Charles Alexander Eastman, aka: Ohiyesa (1858-1939) – A Santee Sioux Indian, Eastman was born near Redwood Falls, Minnesota in the winter of 1858 to father Tawakanhdeota (Face of Many Lightenings), and mother Wakantakawin, also known as Winona (First-Born Daughter). While his father was full blood Sioux, his mother was born mixed, her father being Seth Eastman, a well-known army officer who married her mother Wakantakawin (Stands Sacred) at Fort Snelling. Stands Sacred was the daughter of Santee Dakota chief Cloud Man. She would take on the Christian name of Mary Nancy Eastman.
He would be given the birth name of Hakadah (Pitful Last) because he was the last of three brothers and one sister, and the fact that his mother, Winona, died shortly after his birth. Hakadah would be raised by his grandmother Stands Sacred. In his early youth, he was given the name Ohiye S’a (Always Wins) as part of the Dakota tradition of naming to mark life passages.
When he was 4, the Dakota War of 1862 resulted in Ohiyesa being separated from his siblings and father when Stands Sacred fled with him to North Dakota and Canada, thinking his father and siblings were dead. Over the next decade, Ohiyesa lived the nomadic life of the tribe, with his Uncle training him in the traditional ways of hunting and being a warrior.
At the age of 15, entering manhood, Ohiyesa was preparing to embark on his first war-path to avenge his fathers’ death, when his father re-appeared. At that time, his father, who had accepted Christianity and taken the name Jacob Eastman, came for him and brought the teenage boy to his home in Flandreau, South Dakota. There, several Sioux families had established themselves as farmers and homesteaders. His father sent him to mission day school, but at first, Ohiyesa rebelled, wanting to return to the tribe. After settling in though, Ohiyesa did well in his education. Two years later he walked 150 miles to attend a better mission school at Santee, Nebraska, where he made so much progress in a two year period that he was selected for a more advanced course and sent to Beloit College, in Beloit, Wisconsin. During this time he took the Christian name of Charles Eastman.
He would later attend Knox College in Galesburg, Illinois, and Kimball Academy and Dartmouth College, in New Hampshire. He graduated from Dartmouth in 1887 and immediately entered the Boston University School of Medicine, where he received an M.D. degree in 1890.
Dr. Eastman was then appointed as the government physician to the Pine Ridge Agency in South Dakota, a position he held for almost three years. When he returned to the reservation, he became known as the “white doctor who is an Indian.”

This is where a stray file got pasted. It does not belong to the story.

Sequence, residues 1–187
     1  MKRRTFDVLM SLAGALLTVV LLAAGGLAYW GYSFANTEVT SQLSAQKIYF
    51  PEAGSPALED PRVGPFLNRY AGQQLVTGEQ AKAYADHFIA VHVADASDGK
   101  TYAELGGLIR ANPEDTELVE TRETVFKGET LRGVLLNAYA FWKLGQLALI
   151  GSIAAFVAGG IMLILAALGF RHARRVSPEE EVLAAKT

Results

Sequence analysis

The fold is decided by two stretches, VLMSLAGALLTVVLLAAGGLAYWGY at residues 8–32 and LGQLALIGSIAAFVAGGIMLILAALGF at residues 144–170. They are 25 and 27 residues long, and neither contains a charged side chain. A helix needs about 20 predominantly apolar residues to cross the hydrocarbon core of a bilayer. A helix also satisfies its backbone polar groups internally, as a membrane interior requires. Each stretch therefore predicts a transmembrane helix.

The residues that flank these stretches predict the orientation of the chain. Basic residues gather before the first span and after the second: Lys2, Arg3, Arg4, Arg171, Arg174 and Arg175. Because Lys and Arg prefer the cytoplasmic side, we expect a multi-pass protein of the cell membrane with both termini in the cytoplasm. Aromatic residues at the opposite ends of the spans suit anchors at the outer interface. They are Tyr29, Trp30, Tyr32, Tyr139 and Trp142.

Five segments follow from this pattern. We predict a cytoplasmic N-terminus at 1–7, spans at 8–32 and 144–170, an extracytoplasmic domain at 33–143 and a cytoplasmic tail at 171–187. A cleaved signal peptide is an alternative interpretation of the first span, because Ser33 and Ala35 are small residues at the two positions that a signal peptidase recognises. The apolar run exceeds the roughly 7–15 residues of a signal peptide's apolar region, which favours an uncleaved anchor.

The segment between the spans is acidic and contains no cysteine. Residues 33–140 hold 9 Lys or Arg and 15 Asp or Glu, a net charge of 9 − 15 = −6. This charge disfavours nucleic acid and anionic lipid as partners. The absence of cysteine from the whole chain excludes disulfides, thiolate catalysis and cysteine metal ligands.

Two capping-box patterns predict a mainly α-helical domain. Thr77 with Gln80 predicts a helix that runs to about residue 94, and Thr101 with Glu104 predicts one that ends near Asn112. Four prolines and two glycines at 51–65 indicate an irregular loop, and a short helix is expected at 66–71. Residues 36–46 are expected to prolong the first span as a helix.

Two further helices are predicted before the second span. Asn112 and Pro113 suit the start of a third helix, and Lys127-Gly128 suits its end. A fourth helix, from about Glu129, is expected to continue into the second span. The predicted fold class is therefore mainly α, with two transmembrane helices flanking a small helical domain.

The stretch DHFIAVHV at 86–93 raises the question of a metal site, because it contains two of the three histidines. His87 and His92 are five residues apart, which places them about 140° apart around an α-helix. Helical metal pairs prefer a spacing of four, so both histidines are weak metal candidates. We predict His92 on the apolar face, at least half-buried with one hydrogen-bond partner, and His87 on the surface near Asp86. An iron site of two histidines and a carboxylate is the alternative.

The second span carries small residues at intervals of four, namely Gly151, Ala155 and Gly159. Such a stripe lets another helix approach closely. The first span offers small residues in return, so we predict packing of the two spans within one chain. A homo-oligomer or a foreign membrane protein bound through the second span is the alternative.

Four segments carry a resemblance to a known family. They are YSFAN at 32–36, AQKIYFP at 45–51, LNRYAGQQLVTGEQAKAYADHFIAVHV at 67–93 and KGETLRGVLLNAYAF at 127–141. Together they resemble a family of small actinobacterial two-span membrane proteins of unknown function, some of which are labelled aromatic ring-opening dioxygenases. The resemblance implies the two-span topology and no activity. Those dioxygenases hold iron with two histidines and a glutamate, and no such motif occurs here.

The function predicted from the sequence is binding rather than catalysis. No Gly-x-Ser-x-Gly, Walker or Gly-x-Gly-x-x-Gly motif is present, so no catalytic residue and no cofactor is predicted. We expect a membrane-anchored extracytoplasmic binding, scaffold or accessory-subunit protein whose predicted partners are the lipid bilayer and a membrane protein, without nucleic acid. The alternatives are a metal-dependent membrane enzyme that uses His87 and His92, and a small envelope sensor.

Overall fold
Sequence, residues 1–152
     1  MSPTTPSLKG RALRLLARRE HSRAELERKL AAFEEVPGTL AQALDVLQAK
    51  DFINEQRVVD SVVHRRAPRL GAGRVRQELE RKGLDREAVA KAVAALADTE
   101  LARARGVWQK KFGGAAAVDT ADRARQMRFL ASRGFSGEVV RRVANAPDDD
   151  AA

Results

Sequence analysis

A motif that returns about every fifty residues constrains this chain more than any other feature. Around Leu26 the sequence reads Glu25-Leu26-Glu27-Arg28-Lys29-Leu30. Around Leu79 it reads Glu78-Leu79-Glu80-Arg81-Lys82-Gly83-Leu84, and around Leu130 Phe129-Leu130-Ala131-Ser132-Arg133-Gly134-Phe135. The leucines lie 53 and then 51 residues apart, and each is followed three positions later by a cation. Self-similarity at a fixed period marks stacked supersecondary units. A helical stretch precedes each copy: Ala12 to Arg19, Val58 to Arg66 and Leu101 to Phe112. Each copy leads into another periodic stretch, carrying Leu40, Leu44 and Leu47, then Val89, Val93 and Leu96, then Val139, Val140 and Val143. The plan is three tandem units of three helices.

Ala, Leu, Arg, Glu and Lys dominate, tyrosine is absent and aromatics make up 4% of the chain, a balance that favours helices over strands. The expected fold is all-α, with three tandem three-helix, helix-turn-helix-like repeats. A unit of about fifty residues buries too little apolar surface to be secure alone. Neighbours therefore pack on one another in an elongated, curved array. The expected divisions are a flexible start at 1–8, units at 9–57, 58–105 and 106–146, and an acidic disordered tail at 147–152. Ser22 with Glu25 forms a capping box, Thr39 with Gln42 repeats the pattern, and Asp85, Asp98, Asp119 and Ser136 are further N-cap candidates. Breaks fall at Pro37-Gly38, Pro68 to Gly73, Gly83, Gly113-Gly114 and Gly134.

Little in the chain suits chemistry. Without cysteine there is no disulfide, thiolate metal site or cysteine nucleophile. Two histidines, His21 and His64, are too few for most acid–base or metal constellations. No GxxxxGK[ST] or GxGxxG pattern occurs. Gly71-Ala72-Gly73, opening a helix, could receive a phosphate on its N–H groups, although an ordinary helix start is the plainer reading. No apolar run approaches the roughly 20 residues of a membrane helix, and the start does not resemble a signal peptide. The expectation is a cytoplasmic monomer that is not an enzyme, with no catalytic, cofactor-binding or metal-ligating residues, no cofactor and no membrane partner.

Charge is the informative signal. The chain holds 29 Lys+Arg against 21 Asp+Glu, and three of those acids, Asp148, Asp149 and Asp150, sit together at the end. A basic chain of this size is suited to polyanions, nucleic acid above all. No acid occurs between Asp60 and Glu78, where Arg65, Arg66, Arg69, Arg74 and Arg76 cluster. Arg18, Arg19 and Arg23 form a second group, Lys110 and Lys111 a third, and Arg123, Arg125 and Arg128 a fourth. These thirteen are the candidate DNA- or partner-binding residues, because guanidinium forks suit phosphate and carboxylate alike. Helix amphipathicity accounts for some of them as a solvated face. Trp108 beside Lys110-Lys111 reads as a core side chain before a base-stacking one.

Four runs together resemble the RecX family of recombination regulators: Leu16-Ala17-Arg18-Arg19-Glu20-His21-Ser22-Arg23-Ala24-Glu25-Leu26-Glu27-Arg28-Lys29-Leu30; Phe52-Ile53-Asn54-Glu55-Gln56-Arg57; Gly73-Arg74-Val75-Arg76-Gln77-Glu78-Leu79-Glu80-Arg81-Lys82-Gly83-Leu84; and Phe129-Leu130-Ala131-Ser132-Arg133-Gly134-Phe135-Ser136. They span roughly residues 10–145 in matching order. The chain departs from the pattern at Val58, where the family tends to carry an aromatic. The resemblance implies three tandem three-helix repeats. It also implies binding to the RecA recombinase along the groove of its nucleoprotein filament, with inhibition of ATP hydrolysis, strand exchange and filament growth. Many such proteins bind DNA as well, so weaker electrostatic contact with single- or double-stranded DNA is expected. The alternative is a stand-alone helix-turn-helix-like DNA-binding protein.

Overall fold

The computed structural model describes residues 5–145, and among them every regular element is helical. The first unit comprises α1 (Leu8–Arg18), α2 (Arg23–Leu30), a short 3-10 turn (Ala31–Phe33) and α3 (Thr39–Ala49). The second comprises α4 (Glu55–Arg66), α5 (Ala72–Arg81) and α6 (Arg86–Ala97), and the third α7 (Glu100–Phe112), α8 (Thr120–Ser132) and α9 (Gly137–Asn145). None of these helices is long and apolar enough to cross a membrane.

In 1890, the Ghost Dance religion was spreading among the Sioux. Following the vision of a Paiute Indian named Wovoka, the spiritual movement gave hope to Native Americans when conditions were bad on Indian reservations. Wovoka’s vision prophesized that if the Ghost Dance was performed, whites would vanish, the buffalo would return, and Indian land, life, and culture would be restored. When the dance spread to the Lakota, the Indian Agents became alarmed. Attempting to quell the movement, the army massacred approximately 200 men, women, and children at Wounded Knee. Eastman was the only physician to care for those who survived.
In 1891, Charles married Elaine Goodale of Massachusetts, a poet and Indian welfare activist. The couple would eventually have six children. In 1893 he moved his family to St. Paul, Minnesota, where he started a private practice. Unfortunately, the practice was not successful and financially struggling, his wife encouraged him to write some of the stories of his childhood. He published his first two articles in 1893 and 1894 in St. Nicholas Magazine.
In the next four years, Eastman was involved in establishing 32 Indian groups of the Young Men’s Christian Association (YMCA), and in 1899, helped recruit students for the Carlisle Indian Industrial School in Pennsylvania. Continuing to write, Eastman published a memoir entitled Indian Boyhood in 1902, which recounted his first fifteen years of life among the Sioux. During the next 20 years, he would write ten more books, most concerned with his Native American culture.
His writings and work with the YMCA prompted the founders of the Boy Scouts of America to request his assistance. With his fame as an author and lecturer, Eastman was instrumental in promoting that group, as well as the Camp Fire Girls. Providing advice to both groups on how to organize their summer camps, he directly managed one of the first Boy Scout camps along the shores of the Chesapeake Bay. In 1915, the family organized its own summer camp at Granite Lake, New Hampshire, where the entire family worked for a number of years.
During these years, Eastman was also active in national politics, particularly in matters dealing with Indian rights and often acted as an attorney for the Sioux at Washington. He also was one of the co-founders of the Society of American Indian (SAI), which pushed for freedom and self-determination for the Indian. In 1921, he and his wife, Elaine, separated; but, were never legally divorced nor publicly acknowledged the separation.
From 1923-25, Eastman served as an appointed US Indian inspector under President Calvin Coolidge. His recommendations would later serve as the basis of the Roosevelt Administration’s New Deal for the Indian, which sought freedom and self-determination for them.
In later years, Eastman built a cabin on the eastern shore of Lake Huron, where he spent his summers and wintered in Detroit with his only son Charles, Jr., also called Ohiseya. On January 8, 1939, Charles Eastman, Sr. died in Detroit of a heart attack at the age of 80.
Writings by Charles Alexander Eastman
Native American (main page)